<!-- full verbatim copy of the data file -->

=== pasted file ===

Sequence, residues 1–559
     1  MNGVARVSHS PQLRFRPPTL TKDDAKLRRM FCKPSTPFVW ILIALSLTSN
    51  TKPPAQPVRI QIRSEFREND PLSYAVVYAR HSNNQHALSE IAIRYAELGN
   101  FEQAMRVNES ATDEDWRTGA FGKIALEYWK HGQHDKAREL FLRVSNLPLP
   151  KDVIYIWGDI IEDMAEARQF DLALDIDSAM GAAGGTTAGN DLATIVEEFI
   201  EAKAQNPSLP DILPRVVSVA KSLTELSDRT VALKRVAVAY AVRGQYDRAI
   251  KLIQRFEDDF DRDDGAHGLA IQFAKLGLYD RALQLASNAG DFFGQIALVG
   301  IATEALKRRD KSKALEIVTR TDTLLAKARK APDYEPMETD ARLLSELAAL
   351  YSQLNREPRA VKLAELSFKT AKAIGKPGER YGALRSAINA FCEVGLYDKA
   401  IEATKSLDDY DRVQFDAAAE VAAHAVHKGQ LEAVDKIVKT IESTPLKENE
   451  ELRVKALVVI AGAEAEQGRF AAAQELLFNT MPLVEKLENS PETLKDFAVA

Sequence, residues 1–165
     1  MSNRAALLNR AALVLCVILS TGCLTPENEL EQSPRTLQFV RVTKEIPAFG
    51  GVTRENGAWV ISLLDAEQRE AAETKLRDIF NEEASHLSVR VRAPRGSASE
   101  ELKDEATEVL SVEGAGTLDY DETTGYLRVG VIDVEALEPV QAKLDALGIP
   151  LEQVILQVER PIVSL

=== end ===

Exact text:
Sequence, residues 1–559
     1  MNGVARVSHS PQLRFRPPTL TKDDAKLRRM FCKPSTPFVW ILIALSLTSN
    51  TKPPAQPVRI QIRSEFREND PLSYAVVYAR HSNNQHALSE IAIRYAELGN
   101  FEQAMRVNES ATDEDWRTGA FGKIALEYWK HGQHDKAREL FLRVSNLPLP
   151  KDVIYIWGDI IEDMAEARQF DLALDIDSAM GAAGGTTAGN DLATIVEEFI
   201  EAKAQNPSLP DILPRVVSVA KSLTELSDRT VALKRVAVAY AVRGQYDRAI
   251  KLIQRFEDDF DRDDGAHGLA IQFAKLGLYD RALQLASNAG DFFGQIALVG
   301  IATEALKRRD KSKALEIVTR TDTLLAKARK APDYEPMETD ARLLSELAAL
   351  YSQLNREPRA VKLAELSFKT AKAIGKPGER YGALRSAINA FCEVGLYDKA
   401  IEATKSLDDY DRVQFDAAAE VAAHAVHKGQ LEAVDKIVKT IESTPLKENE
   451  ELRVKALVVI AGAEAEQGRF AAAQELLFNT MPLVEKLENS PETLKDFAVA

Sequence, residues 1–165
     1  MSNRAALLNR AALVLCVILS TGCLTPENEL EQSPRTLQFV RVTKEIPAFG
    51  GVTRENGAWV ISLLDAEQRE AAETKLRDIF NEEASHLSVR VRAPRGSASE
   101  ELKDEATEVL SVEGAGTLDY DETTGYLRVG VIDVEALEPV QAKLDALGIP
   151  LEQVILQVER PIVSL